How to Request 'Add-On' Management Fees for Demanding Long-Term Site Conditions

Are you dealing with unusual long-term management problems or extra administrative burdens at your site? For instance, do you have unusually high maintenance and security costs because you’re managing a site in a deteriorated area with a high incidence of crime and vandalism? Or are you managing a site with a complicated structure of financing and subsidies, which requires sophisticated—and expensive—oversight?

Are you dealing with unusual long-term management problems or extra administrative burdens at your site? For instance, do you have unusually high maintenance and security costs because you’re managing a site in a deteriorated area with a high incidence of crime and vandalism? Or are you managing a site with a complicated structure of financing and subsidies, which requires sophisticated—and expensive—oversight?

If you’re dealing with site conditions that make management more difficult or expensive than normal, you may be able to get an additional management fee, what HUD calls an “add-on” fee, to reimburse you for your extra time and effort. This is a flat per-unit fee paid in addition to the percentage-based, standard residential management fee the owner pays you for managing the site.

To get an add-on fee, you must first apply for and get approval from your local HUD office. We’ll tell you more about add-on fees and when HUD permits you to get them. And we’ll tell you how to make your request and what information to include.

What Are Add-On Fees?

If you manage a Section 221(d)(3), Section 221(d)(3) BMIR, Section 221(d)(4), Section 207, Section 220, Section 231, Section 236, Section 8 Multifamily (except Mod Rehab), Rent Supplement, RAP, Section 202, Section 202/8, or Section 811 site, you may be able to get an add-on fee. Add-ons are additions to management fees, designed to give incentives and compensation to managing agents who can show that site conditions make management of a property more demanding than normal [HUD Handbook 4381.5, par. 3.7]. Add-ons are intended only to compensate agents who are dealing with long-term site conditions. And it’s in addition to the percentage-based, standard management fees an owner pays an agent.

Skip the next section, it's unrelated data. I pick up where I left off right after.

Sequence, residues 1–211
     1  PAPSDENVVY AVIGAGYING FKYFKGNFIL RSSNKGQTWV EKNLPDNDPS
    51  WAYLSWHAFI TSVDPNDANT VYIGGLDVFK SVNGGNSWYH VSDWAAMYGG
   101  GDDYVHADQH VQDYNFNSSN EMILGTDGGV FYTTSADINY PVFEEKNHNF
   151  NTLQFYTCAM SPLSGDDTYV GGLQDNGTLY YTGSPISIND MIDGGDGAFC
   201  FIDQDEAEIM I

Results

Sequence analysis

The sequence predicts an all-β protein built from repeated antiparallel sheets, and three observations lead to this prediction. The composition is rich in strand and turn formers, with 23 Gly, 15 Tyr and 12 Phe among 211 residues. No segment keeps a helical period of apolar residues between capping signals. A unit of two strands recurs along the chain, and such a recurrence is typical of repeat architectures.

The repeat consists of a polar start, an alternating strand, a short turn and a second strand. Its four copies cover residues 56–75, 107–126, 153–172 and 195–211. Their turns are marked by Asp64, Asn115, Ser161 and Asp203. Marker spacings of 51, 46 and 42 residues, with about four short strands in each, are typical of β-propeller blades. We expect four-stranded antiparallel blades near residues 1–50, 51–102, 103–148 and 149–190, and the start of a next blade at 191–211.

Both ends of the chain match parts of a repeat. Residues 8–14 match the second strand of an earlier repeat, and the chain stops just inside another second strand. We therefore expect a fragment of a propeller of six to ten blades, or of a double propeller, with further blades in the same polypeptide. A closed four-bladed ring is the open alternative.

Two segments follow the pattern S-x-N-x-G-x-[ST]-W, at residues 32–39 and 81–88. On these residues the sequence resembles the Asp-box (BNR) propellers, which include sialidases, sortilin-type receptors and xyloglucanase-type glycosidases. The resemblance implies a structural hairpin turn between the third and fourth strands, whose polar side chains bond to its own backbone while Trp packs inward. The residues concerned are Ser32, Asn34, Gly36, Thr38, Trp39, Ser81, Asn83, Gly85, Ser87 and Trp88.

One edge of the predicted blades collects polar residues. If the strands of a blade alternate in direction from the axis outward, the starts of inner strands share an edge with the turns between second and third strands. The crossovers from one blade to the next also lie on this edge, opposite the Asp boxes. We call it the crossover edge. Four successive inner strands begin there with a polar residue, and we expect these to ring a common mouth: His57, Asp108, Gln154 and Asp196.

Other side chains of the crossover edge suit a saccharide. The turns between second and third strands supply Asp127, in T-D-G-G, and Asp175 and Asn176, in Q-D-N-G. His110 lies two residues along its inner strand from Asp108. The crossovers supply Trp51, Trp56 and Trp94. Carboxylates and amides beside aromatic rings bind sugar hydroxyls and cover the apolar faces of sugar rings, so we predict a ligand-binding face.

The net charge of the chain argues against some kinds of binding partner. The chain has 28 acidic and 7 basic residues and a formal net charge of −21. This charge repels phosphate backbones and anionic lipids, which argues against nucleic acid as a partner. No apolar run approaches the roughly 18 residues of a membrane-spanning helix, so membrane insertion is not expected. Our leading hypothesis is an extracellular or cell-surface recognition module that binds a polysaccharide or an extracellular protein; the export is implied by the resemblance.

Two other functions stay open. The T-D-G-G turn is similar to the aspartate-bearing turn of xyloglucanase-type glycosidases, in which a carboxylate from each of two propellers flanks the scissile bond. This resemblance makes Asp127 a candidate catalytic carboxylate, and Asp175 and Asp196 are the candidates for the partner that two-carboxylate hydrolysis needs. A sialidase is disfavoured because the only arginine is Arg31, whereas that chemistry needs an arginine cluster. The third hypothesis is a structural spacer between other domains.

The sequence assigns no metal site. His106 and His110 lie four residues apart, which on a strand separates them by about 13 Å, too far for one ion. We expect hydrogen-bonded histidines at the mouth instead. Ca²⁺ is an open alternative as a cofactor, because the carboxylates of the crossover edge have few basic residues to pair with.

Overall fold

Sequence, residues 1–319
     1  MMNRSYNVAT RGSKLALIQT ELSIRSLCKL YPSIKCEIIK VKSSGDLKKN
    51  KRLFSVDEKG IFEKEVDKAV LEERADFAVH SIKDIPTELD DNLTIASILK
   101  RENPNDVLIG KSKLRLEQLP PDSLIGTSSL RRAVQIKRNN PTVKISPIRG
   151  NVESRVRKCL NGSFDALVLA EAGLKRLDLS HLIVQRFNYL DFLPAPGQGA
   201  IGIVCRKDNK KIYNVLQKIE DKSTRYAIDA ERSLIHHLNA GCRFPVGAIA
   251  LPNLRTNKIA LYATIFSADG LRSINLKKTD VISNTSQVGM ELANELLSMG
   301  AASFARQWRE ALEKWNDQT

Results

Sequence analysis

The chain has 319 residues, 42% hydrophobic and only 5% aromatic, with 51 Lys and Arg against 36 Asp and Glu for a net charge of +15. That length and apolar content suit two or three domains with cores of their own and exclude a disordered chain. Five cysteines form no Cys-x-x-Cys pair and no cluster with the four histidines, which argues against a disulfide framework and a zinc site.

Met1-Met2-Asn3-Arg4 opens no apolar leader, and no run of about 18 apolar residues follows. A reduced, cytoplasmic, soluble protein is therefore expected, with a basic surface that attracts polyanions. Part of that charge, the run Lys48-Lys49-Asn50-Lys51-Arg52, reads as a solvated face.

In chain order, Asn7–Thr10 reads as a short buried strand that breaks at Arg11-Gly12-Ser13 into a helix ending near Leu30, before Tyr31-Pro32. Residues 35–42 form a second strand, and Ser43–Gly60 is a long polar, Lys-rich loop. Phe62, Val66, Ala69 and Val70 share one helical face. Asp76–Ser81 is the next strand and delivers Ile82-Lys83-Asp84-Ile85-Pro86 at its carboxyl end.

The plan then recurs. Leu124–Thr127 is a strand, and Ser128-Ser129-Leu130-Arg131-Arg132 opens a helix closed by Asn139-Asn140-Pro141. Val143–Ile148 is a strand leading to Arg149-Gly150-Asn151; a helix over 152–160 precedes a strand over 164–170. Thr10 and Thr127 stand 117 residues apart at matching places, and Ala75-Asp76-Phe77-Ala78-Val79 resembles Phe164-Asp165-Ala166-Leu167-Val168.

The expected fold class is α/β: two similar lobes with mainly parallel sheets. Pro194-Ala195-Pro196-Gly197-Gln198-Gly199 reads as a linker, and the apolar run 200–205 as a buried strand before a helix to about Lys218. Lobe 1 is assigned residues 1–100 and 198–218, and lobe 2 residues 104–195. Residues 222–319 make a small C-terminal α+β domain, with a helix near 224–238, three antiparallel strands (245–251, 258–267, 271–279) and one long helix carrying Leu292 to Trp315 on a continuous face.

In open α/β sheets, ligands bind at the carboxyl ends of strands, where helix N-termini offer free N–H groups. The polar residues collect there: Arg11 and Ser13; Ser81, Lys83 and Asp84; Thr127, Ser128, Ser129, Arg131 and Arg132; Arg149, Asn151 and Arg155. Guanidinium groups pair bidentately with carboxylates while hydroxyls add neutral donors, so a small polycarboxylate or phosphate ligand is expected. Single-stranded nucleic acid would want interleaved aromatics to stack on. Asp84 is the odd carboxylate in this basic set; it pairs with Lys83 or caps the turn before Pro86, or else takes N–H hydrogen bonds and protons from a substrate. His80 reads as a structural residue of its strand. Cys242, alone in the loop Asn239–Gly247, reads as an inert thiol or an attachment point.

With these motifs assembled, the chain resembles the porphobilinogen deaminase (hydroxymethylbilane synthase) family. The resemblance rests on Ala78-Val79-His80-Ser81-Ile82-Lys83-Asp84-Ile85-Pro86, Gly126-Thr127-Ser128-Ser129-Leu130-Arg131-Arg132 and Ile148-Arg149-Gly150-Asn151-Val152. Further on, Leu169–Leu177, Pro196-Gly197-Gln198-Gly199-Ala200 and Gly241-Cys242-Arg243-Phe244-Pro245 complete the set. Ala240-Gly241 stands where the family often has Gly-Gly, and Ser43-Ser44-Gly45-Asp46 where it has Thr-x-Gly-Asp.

“Special fees” are different from add-on fees. They are intended to compensate agents for dealing with short-term site conditions and correcting a specific problem or handling a specific task over a set period of time.

HUD doesn’t have a single, nationwide list of HUD-approved add-ons. Instead, it requires each area Hub office to issue its own list of permissible add-ons with flat dollar amounts per unit per month (PUPM) for its area. As a result, what may qualify for an add-on in one area may not qualify for an add-on in another area.

As guidance to the Hubs, HUD includes a list of “Examples of Long-Term Project Conditions That Could Justify Add-On Fees” in Handbook 4381.5, fig. 3-4. Here are examples of conditions from that list:

High-density sites. HUD may approve add-on fees for managing high-density sites. Specifically, HUD says, if you manage a site that has a high percentage of units with three or more bedrooms, you’re likely to manage more residents than at other sites with the same number of units. So it may cost you more to manage the site, which would justify a higher management fee.

Scattered sites. Managing scattered sites usually means you’re managing several small properties in different locations—for example, five or six properties with three or four units each. HUD says that to get an add-on for managing scattered sites, you must show that you’re managing more than one site and that the sites aren’t adjacent.